Third part of an article of which the previous parts appeared in Workers' Liberty 62 and "orkers' Liberty 66.
What attitude should be taken towards the Communist Parties ?
Cliff’s final prong was that bureaucratic collectivism disorientated revolutionaries in their dealings with Stalinist Communist Parties, especially those in the West after the war. This did not appear in the original article — it is grafted onto the revised version. Shachtman had written:
“Stalinism is a reactionary, totalitarian, anti-bourgeois and anti-proletarian current in the labor movement but not of the labor movement... where, as is the general rule nowadays, the militants are not yet strong enough to fight for the leadership directly; where the fight for control of the labor movement is, in effect, between the reformists and the Stalinists, it would be absurd for the militants to proclaim their ‘neutrality’ and fatal for them to support the Stalinists. Without any hesitation, they should follow the general line, inside the labor movement, of supporting the reformist officialdom against the Stalinist officialdom. In other words, where it is not yet possible to win the unions for the leadership of revolutionary militants, we forthrightly prefer the leadership of reformists who aim in their own way to maintain a labor movement, to the leadership of the Stalinist totalitarians who aim to exterminate it... while the revolutionists are not the equal of the reformists and the reformists are not the equal of the revolutionists, the two are now necessary and proper allies against Stalinism. The scores have to be settled with reformism — those will be settled on a working class basis and in a working class way, and not under the leadership or in alliance with totalitarian reaction.”(1)
Cliff claimed that if this policy was followed in the West, it would strengthen right-wing social democracy and would not prise rank and file Communist workers from their leaders. Duncan Hallas had argued in 1951 that it was not the programme or leadership but rather the composition of a party which determined its class character(2). For Hallas, therefore, Communist Parties were workers’ parties, and revolutionaries should utilise the tactic of the united front towards them. This political assessment of the Stalinist parties, was actually worse than the harder, Cannonite section of the “orthodox” Trotskyist movement. Shachtman argued that the Communist Parties were more than just agents of Russian foreign policy (a common conception amongst Trotskyists); they also sought to set up identical regimes to the USSR if they gained power. This was borne out by the experience of Eastern Europe and China, and later confirmed in Cuba and Vietnam. Therefore the usual policy of the united front did not mechanically apply to Stalinists. The originator of this assessment, Shachtman showed, was Trotsky himself, in one of his last articles:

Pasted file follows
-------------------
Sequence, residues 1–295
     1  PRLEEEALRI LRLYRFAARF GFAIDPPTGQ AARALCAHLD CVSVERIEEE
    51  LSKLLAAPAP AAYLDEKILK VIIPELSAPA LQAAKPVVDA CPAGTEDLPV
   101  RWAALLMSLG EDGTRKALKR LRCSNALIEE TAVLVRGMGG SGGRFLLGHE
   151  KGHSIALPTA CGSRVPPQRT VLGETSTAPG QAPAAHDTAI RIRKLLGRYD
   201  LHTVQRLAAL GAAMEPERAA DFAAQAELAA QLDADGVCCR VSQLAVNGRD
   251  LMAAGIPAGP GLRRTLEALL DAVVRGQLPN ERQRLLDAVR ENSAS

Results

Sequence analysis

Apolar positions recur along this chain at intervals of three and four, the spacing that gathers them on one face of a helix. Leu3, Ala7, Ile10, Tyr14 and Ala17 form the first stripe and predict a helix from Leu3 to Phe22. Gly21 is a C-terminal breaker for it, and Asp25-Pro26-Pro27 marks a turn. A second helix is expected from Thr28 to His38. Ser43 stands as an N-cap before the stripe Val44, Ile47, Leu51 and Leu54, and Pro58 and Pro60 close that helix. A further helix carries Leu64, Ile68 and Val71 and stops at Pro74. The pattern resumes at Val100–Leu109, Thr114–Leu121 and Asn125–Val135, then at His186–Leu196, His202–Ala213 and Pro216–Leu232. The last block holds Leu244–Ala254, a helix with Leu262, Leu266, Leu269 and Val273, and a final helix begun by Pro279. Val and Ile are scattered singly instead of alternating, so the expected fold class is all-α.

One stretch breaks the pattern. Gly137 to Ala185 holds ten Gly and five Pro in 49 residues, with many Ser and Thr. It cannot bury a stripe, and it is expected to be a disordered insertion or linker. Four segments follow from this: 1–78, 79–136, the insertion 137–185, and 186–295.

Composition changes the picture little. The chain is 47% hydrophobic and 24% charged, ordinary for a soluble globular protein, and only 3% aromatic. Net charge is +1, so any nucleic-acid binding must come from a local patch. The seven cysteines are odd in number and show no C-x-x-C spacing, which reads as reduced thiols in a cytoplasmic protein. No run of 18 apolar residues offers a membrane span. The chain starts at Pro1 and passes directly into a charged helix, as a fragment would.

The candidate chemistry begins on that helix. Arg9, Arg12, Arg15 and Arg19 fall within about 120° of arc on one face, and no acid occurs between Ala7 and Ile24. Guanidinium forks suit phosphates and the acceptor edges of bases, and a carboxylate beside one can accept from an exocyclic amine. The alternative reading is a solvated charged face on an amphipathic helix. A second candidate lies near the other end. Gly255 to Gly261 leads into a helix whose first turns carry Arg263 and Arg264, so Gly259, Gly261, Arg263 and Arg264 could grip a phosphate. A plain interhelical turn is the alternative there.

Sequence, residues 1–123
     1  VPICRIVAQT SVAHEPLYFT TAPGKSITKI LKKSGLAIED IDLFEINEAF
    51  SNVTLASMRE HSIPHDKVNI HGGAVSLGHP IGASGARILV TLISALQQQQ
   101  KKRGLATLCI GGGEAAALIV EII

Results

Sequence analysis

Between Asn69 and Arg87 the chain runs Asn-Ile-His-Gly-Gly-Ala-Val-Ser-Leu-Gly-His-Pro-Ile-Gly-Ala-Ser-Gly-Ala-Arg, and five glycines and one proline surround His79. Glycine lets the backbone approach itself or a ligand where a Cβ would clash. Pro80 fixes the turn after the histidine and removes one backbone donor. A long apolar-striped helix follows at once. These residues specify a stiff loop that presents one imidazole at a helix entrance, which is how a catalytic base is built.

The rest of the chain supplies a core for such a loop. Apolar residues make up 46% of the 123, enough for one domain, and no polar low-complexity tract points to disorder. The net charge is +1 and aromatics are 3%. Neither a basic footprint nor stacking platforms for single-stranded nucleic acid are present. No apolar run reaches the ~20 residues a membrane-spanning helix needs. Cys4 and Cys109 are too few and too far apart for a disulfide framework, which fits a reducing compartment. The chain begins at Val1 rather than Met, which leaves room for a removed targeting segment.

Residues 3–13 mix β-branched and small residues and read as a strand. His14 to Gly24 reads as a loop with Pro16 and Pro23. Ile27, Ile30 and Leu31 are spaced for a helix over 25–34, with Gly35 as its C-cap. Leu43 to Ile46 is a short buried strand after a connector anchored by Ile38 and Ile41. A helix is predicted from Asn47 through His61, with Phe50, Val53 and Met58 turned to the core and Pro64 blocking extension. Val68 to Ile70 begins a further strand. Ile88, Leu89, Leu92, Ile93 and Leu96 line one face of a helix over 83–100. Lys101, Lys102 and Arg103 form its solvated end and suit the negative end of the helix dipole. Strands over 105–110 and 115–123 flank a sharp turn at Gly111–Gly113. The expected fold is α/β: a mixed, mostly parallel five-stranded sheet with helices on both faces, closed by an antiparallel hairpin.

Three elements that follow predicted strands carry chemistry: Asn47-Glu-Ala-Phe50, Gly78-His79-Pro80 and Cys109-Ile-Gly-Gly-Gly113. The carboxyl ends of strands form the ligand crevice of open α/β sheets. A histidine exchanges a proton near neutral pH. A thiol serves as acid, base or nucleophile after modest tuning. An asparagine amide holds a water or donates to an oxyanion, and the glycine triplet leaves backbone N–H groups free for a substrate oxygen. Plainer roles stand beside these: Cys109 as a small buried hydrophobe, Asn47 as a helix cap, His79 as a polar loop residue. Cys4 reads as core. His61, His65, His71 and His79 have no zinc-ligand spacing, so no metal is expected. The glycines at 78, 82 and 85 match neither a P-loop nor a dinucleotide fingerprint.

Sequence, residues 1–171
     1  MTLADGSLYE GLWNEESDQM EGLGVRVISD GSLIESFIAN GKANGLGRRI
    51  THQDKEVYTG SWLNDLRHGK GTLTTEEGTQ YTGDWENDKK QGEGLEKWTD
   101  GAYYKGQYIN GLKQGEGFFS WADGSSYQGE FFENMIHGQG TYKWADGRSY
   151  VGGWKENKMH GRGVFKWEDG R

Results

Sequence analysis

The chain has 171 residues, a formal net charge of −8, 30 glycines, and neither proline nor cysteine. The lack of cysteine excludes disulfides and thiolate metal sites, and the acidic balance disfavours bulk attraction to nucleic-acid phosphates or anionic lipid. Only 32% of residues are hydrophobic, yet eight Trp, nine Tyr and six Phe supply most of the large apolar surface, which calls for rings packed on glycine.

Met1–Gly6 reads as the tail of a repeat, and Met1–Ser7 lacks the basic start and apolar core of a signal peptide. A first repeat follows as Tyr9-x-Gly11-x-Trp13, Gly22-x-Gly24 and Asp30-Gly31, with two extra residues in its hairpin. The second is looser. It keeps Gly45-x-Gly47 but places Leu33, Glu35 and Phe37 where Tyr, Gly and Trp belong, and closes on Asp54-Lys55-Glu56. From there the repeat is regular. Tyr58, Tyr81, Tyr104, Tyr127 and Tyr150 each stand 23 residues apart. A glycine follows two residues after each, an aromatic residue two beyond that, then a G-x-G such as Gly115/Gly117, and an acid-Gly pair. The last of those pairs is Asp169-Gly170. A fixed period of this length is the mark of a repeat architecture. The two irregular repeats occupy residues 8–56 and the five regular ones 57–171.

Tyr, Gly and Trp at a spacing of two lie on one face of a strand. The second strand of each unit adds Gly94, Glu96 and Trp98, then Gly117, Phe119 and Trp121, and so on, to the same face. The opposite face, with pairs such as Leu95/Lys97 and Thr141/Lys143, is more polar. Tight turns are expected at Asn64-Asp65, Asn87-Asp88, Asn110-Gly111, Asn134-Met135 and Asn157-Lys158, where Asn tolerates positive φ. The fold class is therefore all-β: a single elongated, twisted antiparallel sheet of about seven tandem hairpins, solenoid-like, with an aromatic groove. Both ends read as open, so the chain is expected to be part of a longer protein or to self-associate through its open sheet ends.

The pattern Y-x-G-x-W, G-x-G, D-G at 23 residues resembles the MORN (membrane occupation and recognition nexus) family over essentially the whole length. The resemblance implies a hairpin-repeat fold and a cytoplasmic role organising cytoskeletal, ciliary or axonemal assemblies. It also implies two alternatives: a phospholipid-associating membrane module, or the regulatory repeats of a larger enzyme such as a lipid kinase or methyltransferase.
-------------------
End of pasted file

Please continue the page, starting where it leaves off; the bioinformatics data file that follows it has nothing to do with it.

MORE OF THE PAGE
“The predominating type among the present ‘Communist’ bureaucrats is the political careerist, and in consequence the polar opposite of the revolutionist. Their ideal is to attain in their own country the same position that the Kremlin oligarchy gained in the USSR. They are not the revolutionary leaders of the proletariat but aspirants to totalitarian rule. They dream of gaining success with the aid of this same Soviet bureaucracy and its GPU. They view with admiration and envy the invasion of Poland, Finland, the Baltic states, Bessarabia by the Red Army because these invasions immediately bring about the transfer of power into the hands of the local Stalinist candidates for totalitarian rule.”(3)
It is true that Trotsky had argued earlier in 1940 that the SWP should critically support the Communist candidate in the presidential elections (in the absence of a genuine workers’ candidate), but even more “orthodox” American Trotskyists like James P Cannon were opposed to doing so. Of course Trotsky was trying to address the real problem that the Communists had tens of thousands of members in the US in 1940, a figure that had shrunk considerably by 1950. Shachtman’s hostile attitude towards the Stalinists did not stop his group from calling for a Socialist Party-Communist Party-CGT government in France (because the Stalinists were not on the verge of taking power). His Stalinophobia did not extend very far in 1950, as he debated Earl Browder, the former CP leader who been expelled from the party in mid forties. This was the debate where he turned to Browder, in the course of discussing the number of ex-Communist leaders who had been killed by the GPU, and joked, that “there, but for an accident of geography, sits a corpse”!
The crucial test was the attitude taken towards the McCarthyite witch-hunt. From the outset of the anti-red drive in 1946, the Workers’ Party opposed it categorically, distinguishing between the leaders of the CP and the rank and file members, and argued for a independent political fight by the working class and its organisations against Stalinist influence. And its propaganda for socialist democracy was a legitimate and principled line to distinguish itself from Stalinism. One of the few serious reasons given for the dissolution of the ISL into the Socialist Party in 1958 was that a new pole of attraction was needed to regroup the left, including those ex-members of the American Communist Party who had left in the wake of Khrushchev’s revelations about Stalin in 1956. This, together with the fracturing of CPs along national lines (as well as their decline on membership), was clearly a material factor to be taken into account when dealing with these organisations. Yet Cliff presented Shachtman as holding to the same attitude towards the Communist Parties regardless of circumstances.